3. ^ a b c d Alexander, Bryan (2011-05-24). "Crystal the 'Hangover' monkey comes out swinging". USA Today. Archived from the original on 2011-05-31. Retrieved 2011-05-31.
  4. ^ Weinfeld, Michael (2009-05-20). "More monkey slaps, more humiliation for Stiller". Northwest Herald. Associated Press. Archived from the original on 2018-09-30. Retrieved 2018-09-30.
  5. ^ Kung, Michelle (2011-07-23). "'Community' Cast Gets Warm Welcome at Comic-Con". The Wall Street Journal. Archived from the original on 2012-05-11. Retrieved 2012-05-11.
  6. ^ Everett, Cristina (2011-05-20). "'The Hangover 2' premiere: Crystal the monkey steals the show from star-studded cast". New York Daily News. Archived from the original on 2011-05-31. Retrieved 2011-05-30.
  7. ^ a b Rottenberg, Josh (2011-05-14). "Monkey trouble?: 'The Hangover Part II' raises concerns from animal rights advocates". Entertainment Weekly. Archived from the original on 2011-05-31. Retrieved 2011-05-26.
  8. ^ Staskiewicz, Keith (2011-06-24). "Hey, I Know That Critter!". Entertainment Weekly. Archived from the original on 2012-12-15. Retrieved 2012-12-15.
  9. ^ Karger, Dave (2011-08-06). "Cameron Crowe goes animal wild with 'We Bought A Zoo'". Entertainment Weekly. Archived from the original on 2012-12-15. Retrieved 2012-12-15.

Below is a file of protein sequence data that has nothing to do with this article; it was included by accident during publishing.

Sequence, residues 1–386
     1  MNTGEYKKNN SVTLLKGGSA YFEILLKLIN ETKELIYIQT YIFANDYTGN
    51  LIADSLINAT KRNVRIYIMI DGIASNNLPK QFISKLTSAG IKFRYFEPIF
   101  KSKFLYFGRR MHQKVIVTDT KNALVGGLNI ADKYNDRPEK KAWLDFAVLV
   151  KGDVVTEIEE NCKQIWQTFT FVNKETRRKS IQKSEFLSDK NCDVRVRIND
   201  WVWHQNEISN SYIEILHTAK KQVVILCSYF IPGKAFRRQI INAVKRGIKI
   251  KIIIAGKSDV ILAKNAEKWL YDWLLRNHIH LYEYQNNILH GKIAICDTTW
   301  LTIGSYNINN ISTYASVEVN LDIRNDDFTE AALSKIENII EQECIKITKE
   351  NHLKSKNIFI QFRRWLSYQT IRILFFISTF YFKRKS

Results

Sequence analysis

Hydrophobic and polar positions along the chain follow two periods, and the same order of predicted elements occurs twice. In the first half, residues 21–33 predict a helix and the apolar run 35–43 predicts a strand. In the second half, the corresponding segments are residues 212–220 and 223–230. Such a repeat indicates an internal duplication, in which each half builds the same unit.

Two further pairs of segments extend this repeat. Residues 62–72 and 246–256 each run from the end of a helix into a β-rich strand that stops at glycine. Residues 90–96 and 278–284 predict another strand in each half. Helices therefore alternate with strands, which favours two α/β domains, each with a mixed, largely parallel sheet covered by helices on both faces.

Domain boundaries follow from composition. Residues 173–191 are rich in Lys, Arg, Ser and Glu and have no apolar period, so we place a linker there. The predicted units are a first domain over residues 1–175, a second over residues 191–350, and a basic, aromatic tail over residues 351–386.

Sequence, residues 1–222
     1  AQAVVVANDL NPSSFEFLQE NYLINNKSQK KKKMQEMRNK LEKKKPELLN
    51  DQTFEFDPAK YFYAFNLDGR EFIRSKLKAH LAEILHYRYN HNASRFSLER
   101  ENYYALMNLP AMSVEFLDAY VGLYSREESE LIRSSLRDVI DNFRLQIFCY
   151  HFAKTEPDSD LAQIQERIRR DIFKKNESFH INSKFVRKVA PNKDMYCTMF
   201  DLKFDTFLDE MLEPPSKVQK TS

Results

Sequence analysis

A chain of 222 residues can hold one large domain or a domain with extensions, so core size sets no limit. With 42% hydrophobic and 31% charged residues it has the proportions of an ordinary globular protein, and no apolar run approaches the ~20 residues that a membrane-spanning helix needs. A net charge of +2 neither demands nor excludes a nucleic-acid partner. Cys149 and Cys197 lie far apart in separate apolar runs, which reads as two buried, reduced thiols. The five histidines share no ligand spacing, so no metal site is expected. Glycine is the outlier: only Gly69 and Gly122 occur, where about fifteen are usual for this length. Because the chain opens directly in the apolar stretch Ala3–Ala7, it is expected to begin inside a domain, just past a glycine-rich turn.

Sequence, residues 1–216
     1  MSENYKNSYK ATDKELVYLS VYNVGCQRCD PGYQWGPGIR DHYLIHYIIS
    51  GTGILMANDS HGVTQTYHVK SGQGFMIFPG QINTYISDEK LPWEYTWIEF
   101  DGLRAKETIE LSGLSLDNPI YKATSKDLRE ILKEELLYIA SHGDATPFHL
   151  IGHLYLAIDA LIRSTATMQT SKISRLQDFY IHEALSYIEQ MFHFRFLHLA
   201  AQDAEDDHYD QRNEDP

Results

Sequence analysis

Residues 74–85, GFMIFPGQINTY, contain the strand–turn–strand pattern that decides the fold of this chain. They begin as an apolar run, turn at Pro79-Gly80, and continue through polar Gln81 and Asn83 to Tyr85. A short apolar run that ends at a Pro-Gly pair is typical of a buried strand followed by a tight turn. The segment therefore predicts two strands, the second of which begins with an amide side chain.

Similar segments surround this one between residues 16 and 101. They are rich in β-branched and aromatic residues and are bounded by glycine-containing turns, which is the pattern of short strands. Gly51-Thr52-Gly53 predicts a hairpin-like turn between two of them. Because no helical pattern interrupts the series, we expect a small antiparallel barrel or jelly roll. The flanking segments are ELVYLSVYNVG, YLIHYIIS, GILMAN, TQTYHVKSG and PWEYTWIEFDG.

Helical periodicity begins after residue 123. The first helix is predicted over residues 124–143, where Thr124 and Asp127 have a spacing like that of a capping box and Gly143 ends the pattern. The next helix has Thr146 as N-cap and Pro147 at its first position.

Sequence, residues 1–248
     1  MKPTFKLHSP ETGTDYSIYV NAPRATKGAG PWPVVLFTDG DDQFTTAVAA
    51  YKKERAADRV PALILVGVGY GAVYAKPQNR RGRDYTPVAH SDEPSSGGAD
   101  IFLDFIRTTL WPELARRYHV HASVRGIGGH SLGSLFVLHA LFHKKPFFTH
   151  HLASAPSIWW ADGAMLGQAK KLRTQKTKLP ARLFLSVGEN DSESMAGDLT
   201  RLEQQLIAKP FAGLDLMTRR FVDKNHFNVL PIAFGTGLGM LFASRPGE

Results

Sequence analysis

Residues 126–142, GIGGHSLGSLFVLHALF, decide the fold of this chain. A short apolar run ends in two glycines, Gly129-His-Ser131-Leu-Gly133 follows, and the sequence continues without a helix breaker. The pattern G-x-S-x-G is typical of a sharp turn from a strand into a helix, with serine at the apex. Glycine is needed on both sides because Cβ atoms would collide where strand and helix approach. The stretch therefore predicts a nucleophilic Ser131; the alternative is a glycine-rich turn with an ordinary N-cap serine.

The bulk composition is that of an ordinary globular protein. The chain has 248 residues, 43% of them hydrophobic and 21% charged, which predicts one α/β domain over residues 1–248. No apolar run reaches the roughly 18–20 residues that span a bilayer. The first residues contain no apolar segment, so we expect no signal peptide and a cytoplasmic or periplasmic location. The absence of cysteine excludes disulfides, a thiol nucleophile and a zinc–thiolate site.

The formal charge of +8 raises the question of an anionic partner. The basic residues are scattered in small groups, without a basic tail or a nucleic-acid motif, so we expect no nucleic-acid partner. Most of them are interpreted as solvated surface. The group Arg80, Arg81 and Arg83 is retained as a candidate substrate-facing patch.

10. ^ "NBC forced to apologise after ill-timed ad features a monkey doing gymnastics - right after showing Gabby Douglas' gold medal victory". Daily Mail. 2012-08-03. Archived from the original on 2012-11-13. Retrieved 2012-11-12.
  11. ^ Hibberd, James (2012-10-18). "'Animal Practice' cancelled". Entertainment Weekly. Archived from the original on 2012-11-13. Retrieved 2012-11-12.
  12. ^ "Hollywood Salaries Revealed, From Movie Stars to Agents (and Even Their Assistants". Hollywood Reporter. October 2, 2014. Retrieved 2014-10-30. Crystal the monkey earned $108,000 in 2012 for appearing in nine episodes of NBC's Animal Practice. That's more than most of the below-the-line talent featured in this story and twice as much as the average actor, who earns $52,000, according to SAG-AFTRA. But most animals work for peanuts: The day rate for a dog or cat in Hollywood is $400, with most earning $5,000 to $10,000 a year.